I've found that I've been able to double the distance and accuracy of throwing a stick over hand with high test fishing line attached rather than trying to do the deed with a throw bag underhand(even with practice on the throw bag).

Once you established communications between ship and shore with fishing line you haul in the z-drag lines.

In the end I'd rather have failed attempts at using fishing line then throw bag lines snagged in the river.

For what it is worth.
 

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My sympathies to a 78 yr old rafter. At 65 being on WW since under age 18, I hope to be out there over my head at that age.

At any age, a person can have a bad day. Salute to the 78 year old gentleman.

It is a nice boat. Hyside. Crafted side decks. NRS straps. Binimi. Tractor seat. The man had class and knowledge and a bad day.
 

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Some of you guys make it sound like anyone over 65 is lucky to still be on the water be on the water. NUTS to that. I'm 73 and leaving for my 4 raft trip this year. This time the main salmon. Ten of us going with one youngster that is 55, the rest are retired including one 81 year old, that is rowing his own boat as are we all. In 59 years of rowing my own boat I have been hung on a rock 2 times, once at triplet and once below Lucifer. The gates just has a way of sneaking up on a fellow no matter what his age is. Until you have been on your top or had a beer while wondering how to off the rock you just found. You simply have not been rafting long enough yet. Just relax, everyone gets a turn at screwing up sooner or later. I hope everyone is okay that were on that raft.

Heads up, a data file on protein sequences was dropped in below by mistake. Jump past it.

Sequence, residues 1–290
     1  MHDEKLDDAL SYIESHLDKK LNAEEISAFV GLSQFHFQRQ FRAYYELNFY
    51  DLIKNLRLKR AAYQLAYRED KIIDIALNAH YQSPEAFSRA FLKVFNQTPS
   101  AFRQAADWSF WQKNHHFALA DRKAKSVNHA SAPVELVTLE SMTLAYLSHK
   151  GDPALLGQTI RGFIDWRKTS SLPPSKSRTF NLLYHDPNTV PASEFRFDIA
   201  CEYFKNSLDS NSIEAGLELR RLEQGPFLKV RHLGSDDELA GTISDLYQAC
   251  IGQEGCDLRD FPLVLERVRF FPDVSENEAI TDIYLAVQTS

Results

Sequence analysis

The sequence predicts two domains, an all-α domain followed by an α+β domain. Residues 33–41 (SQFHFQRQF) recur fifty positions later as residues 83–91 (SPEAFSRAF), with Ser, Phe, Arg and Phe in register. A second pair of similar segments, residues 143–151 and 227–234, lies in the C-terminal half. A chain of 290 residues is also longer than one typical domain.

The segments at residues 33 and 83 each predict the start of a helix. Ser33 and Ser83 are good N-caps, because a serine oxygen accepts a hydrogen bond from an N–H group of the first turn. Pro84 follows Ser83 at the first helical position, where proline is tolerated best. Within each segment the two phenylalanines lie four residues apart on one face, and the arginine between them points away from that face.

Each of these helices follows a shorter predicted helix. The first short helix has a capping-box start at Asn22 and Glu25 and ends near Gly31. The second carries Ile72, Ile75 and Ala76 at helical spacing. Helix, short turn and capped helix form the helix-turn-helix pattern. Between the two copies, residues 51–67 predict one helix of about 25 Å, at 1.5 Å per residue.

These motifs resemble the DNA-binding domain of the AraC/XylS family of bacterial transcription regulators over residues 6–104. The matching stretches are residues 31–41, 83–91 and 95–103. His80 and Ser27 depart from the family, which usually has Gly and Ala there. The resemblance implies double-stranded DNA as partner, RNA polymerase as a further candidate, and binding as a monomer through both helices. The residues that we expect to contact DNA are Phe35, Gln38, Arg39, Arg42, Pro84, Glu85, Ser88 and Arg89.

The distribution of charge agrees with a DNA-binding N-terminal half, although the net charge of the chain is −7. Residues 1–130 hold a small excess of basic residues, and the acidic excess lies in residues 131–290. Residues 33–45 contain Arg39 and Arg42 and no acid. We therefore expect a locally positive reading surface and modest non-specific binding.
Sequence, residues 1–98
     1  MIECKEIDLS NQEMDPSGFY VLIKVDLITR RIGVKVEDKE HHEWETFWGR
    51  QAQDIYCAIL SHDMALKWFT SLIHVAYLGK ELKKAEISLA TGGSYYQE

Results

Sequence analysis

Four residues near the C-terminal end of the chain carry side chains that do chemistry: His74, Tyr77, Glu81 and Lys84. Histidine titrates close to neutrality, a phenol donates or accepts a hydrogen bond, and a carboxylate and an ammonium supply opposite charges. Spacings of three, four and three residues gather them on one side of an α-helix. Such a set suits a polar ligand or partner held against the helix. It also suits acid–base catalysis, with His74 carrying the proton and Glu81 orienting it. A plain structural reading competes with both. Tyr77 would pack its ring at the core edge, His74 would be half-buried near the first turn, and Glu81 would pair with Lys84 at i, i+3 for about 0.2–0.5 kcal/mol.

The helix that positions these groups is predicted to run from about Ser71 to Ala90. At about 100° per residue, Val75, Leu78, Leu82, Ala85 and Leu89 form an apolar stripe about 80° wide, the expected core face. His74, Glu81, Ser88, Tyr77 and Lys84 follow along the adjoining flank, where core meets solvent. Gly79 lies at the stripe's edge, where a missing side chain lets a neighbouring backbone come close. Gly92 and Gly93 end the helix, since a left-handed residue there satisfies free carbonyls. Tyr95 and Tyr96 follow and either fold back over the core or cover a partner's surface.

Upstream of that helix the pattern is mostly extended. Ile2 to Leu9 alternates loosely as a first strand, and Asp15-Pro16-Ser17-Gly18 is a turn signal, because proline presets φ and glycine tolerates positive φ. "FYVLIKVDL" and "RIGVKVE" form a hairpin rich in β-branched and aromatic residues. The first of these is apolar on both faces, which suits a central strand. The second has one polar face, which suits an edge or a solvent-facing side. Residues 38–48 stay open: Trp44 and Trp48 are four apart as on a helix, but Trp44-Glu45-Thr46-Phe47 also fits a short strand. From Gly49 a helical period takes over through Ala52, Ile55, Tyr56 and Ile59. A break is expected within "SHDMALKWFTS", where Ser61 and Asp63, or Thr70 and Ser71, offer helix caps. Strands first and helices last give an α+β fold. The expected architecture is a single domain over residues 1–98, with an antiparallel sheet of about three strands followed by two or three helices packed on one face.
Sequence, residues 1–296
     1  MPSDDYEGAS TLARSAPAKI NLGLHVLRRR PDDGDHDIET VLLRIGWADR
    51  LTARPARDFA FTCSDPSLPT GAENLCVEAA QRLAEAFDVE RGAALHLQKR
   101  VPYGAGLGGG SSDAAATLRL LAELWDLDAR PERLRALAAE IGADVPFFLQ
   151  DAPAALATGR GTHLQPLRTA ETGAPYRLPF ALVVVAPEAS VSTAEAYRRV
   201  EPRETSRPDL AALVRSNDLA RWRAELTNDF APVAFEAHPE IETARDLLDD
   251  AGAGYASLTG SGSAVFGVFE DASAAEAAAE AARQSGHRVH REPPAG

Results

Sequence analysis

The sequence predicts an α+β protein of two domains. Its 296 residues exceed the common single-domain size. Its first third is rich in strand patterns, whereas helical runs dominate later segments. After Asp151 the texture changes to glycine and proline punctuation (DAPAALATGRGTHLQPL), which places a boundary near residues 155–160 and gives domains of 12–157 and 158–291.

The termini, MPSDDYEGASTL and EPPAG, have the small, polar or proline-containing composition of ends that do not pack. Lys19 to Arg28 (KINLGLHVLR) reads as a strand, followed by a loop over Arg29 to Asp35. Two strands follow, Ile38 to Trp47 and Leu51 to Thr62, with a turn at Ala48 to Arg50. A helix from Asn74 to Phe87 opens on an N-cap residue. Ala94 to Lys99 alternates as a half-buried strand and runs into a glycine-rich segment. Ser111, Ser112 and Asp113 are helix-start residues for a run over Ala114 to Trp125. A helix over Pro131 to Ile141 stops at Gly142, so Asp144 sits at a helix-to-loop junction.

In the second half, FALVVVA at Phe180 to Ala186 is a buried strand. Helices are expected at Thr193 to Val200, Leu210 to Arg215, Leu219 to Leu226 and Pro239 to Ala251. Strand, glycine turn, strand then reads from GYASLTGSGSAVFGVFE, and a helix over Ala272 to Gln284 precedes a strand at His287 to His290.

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Some of you guys make it sound like anyone over 65 is lucky to still be on the water be on the water. NUTS to that. I'm 73 and leaving for my 4 raft trip this year.
I did the grand this year with a 78 year old, who was rowing an 18 foot boat, gear, passengers and all, he had some of the sweetest runs out of the entire group, which consisted of 2 river rangers, couple commercial guides and a couple never evers, who did very well, not a flip or wrap in the whole trip, save for them messing with a ducky LOL. Last year, same trip, 70 year old with a torn ACL, shit, he worked harder than many on the trip in camp, and what he did row (he had his 26 year old daughter along who rowed 50%) he did with style and grace, again no wraps or flips.

Age ain't nothing but a number, I like to think, at 60, that I'm like a rare wine, I don't get older, I just get better !!

Bwahahahahah